NFPA 101®: Life Safety Code®, Prior Years

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NFPA 101

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NFPA 101 Handbook

2015 NFPA 101 Current Edition & Handbook


NFPA 101®: Life Safety Code® is the most widely used source for strategies for occupant safety throughout the life cycle of a building.

Make decisions that impact lives with strategies for occupant safety in NFPA 101: Life Safety Code. Unique in the field, it is the only Code that covers life safety in both new and existing structures. Requirements address building construction, protection, and occupancy features that minimize the effects of fire and related hazards. Each edition builds on important new information about life safety in the built environment, with consensus-based changes that reflect innovative designs, technologies, materials, and construction practices. When tragedies do occur, investigations invariably reveal serious Life Safety Code violations.

The 2012 NFPA 101: Life Safety Code evolves to address new building safety challenges and important lessons learned about occupant safety. For this edition of the Code, all new high-rise buildings must meet the requirements of Chapter 11's high-rise building package. Other major changes involve rules for CO alarms and detection systems in certain residential living units, exit stair enclosure path markings, and egress provisions for safe use of elevators for occupant evacuation. Provisions for health care occupancies include compliance options that give patients and residents a more comfortable, home-like environment.

The 2009 NFPA 101: Life Safety Code builds on the groundbreaking sprinkler mandates in the previous edition, with added requirements for automatic sprinklers in all existing high-rise health care occupancies and all new apartment buildings without exception. New evacuation strategies and technologies facilitate faster movement of more people in an emergency, including new egress capacity criteria for stairs that are more than 44 inches in width. The 2009 edition of NFPA 101 enhances safety with health care occupancy door locking for patient protective needs, and 2-way communication systems in areas of refuge -- even where the building is sprinklered -- to let people notify responders of their location.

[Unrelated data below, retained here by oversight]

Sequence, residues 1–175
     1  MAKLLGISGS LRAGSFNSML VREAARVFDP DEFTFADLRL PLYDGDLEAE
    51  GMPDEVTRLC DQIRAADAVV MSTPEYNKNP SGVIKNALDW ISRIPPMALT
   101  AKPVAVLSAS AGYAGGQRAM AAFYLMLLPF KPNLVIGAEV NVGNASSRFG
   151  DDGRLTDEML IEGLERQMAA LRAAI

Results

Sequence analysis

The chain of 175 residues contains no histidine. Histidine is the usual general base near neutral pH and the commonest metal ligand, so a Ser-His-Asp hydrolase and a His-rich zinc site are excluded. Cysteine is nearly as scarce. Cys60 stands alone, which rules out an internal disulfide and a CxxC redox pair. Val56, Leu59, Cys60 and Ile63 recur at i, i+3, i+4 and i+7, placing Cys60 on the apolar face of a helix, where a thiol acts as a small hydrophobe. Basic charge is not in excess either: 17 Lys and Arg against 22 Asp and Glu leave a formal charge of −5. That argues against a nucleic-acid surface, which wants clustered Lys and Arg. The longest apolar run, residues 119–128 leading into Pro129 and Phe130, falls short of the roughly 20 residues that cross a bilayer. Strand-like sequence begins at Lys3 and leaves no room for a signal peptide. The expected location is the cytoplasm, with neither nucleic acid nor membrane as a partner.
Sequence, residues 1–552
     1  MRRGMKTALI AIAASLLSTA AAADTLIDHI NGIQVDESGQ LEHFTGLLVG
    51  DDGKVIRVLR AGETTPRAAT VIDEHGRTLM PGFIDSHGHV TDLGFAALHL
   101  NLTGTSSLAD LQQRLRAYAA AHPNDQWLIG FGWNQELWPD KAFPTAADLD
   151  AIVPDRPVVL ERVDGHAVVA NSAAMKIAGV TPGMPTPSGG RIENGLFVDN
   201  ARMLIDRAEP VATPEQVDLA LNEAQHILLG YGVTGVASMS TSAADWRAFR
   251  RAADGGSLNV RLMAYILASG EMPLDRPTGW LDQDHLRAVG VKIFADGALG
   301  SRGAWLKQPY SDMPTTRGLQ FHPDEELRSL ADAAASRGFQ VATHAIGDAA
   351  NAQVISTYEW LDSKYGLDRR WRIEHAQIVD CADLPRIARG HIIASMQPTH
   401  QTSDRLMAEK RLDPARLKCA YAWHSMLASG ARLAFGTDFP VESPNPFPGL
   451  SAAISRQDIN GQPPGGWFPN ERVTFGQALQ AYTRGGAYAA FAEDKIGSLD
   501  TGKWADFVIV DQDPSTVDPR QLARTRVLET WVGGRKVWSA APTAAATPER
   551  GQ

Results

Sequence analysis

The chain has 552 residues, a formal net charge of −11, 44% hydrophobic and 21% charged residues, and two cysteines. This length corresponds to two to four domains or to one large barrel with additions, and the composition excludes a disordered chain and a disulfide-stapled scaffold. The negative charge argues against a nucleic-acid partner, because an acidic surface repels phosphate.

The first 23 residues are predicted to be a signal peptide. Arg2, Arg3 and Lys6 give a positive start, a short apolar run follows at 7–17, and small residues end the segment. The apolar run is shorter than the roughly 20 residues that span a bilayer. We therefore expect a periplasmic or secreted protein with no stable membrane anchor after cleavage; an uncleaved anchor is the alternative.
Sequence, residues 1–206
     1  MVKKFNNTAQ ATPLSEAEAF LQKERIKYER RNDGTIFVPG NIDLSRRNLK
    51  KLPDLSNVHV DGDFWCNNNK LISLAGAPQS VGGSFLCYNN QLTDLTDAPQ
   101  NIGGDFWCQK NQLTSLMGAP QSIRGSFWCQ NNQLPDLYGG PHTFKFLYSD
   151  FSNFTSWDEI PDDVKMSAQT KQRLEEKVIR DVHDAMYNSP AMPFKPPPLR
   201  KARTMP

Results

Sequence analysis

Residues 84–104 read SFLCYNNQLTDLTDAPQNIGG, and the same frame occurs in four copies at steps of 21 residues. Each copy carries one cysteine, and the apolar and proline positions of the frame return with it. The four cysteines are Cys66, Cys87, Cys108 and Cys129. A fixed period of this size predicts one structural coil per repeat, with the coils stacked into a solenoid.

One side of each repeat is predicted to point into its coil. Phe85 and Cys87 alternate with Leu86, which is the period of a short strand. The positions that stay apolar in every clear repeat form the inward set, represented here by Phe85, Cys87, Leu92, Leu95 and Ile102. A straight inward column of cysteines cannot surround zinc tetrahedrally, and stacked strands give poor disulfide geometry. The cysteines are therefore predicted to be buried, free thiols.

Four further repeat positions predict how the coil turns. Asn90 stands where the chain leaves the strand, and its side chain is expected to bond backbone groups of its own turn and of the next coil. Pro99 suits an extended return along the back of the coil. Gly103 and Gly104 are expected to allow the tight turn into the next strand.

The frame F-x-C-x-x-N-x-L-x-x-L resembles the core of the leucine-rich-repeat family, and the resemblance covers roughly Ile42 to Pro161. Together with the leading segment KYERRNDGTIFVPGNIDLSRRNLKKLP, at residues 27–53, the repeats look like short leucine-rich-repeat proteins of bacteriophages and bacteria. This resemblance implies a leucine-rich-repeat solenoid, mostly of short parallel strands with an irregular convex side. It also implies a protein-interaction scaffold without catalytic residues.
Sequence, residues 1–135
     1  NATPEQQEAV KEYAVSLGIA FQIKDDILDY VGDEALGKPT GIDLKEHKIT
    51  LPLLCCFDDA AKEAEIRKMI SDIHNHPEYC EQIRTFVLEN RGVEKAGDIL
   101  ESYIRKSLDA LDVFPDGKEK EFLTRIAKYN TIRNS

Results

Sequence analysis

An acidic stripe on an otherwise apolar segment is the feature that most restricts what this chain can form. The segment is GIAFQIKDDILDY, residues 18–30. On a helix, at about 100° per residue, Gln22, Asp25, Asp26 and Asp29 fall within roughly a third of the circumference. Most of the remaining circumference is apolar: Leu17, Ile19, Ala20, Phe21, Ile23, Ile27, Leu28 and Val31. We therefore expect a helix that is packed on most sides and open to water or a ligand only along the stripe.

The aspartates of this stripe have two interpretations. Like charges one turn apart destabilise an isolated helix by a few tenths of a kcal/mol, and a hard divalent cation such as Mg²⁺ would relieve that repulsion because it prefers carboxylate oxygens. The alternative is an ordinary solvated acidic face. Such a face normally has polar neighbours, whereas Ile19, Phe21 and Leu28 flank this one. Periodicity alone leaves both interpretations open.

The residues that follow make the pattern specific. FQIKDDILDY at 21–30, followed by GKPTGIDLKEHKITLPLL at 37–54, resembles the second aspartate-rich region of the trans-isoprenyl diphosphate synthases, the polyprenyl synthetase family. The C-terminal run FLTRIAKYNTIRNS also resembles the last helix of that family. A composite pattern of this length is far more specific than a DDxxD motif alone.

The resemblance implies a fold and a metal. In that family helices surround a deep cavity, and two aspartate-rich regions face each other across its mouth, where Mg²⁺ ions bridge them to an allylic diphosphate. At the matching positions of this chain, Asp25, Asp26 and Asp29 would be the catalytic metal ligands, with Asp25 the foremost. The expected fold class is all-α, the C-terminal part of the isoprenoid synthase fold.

The 2006 NFPA 101: Life Safety Code expands requirements for automatic fire sprinkler protection with added sprinkler mandates for all new one- and two-family dwellings, new and existing nursing homes, existing nightclub assembly occupancies where occupant load exceeds 100 people, and new nightclub assembly occupancies regardless of occupant load. This important Code edition also presents a chapter on existing building rehabilitation that provides greater flexibility to encourage adaptive reuse without sacrificing life safety. Previously, modifications to existing buildings had to comply with provisions for new construction. Now, Chapter 43 introduces specific requirements for repairs, renovations, reconstruction, additions, change of use or occupancy classification, and work on historic buildings.

The 2003 NFPA 101: Life Safety Code is a complete safety system that includes rules for the full range of occupancies; egress requirements, stair markings, and emergency lighting; provisions concerning features of fire protection; and a sophisticated performance-based option for code compliance. Code users will find revised illumination levels for new stairs, a section addressing written emergency plans, revised requirements for testing of mattresses and upholstered furniture, and a section with "analytical methods" for determining the fire resistance of building assemblies. Other changes address subdivision of building space in apartment buildings, new hotels, and dormitories; and safe egress requirements in industrial occupancies.

The 2000 NFPA 101: Life Safety Code references nearly 50 other important codes and standards -- including the NFPA 70: National Electrical Code (NEC), NFPA 13, and NFPA 72. Only NFPA 101 links all these critical codes and standards together to cover all the bases for life safety in any occupancy. Renumbered chapters facilitate referencing. Expanded definitions and an informative primer for new users help you guide workers and educate clients. This edition introduces first-time Chapter 5: Performance-Based Option, with critical guidance for engineers and AHJs working with performance-based design.


Interested in other editions of NFPA 101? Use the drop down menu above to select the edition year you need.

NFPA®'s Redline PDF contains both the current NFPA document and a Redline version of the document which shows changes from the previous edition marked in color. With the Redline you can quickly spot changed sections and tell specifically what has been changed from the previous edition, saving time and confusion.

  • Changed sections are marked with a vertical rule.
  • Deleted material is shown in red strikethrough type.
  • New material appears in blue underscored type.


Sample (NEC® 2014)

411.2411.3 Definition. Low-Voltage Lighting Systems.


(A) General. Lighting Ssystems Ooperating at 30 Volts- volts or  Less. A lighting system consisting less shall consist of an isolating power supply, the low-voltage luminaires, and associated equipment that are all identified for the use. The output circuits of the power supply are shall be rated for not more than 25 amperes and  operate at 30 volts (42.4 volts peak) or lessmaximum under all load conditions.


(B) Class 2. Listed Class 2 lighting equipment shall be rated in conformance with Chapter 9, Table 11(A) or Table 11(B).


411.3411.4 Listing Required. Lighting systems operating at 30 volts or less shall comply with 411.3(A)411.4(A) or 

411.3(B).411.4(B). Class 2 power sources and lighting equipment connected to Class 2 power sources shall be llisted.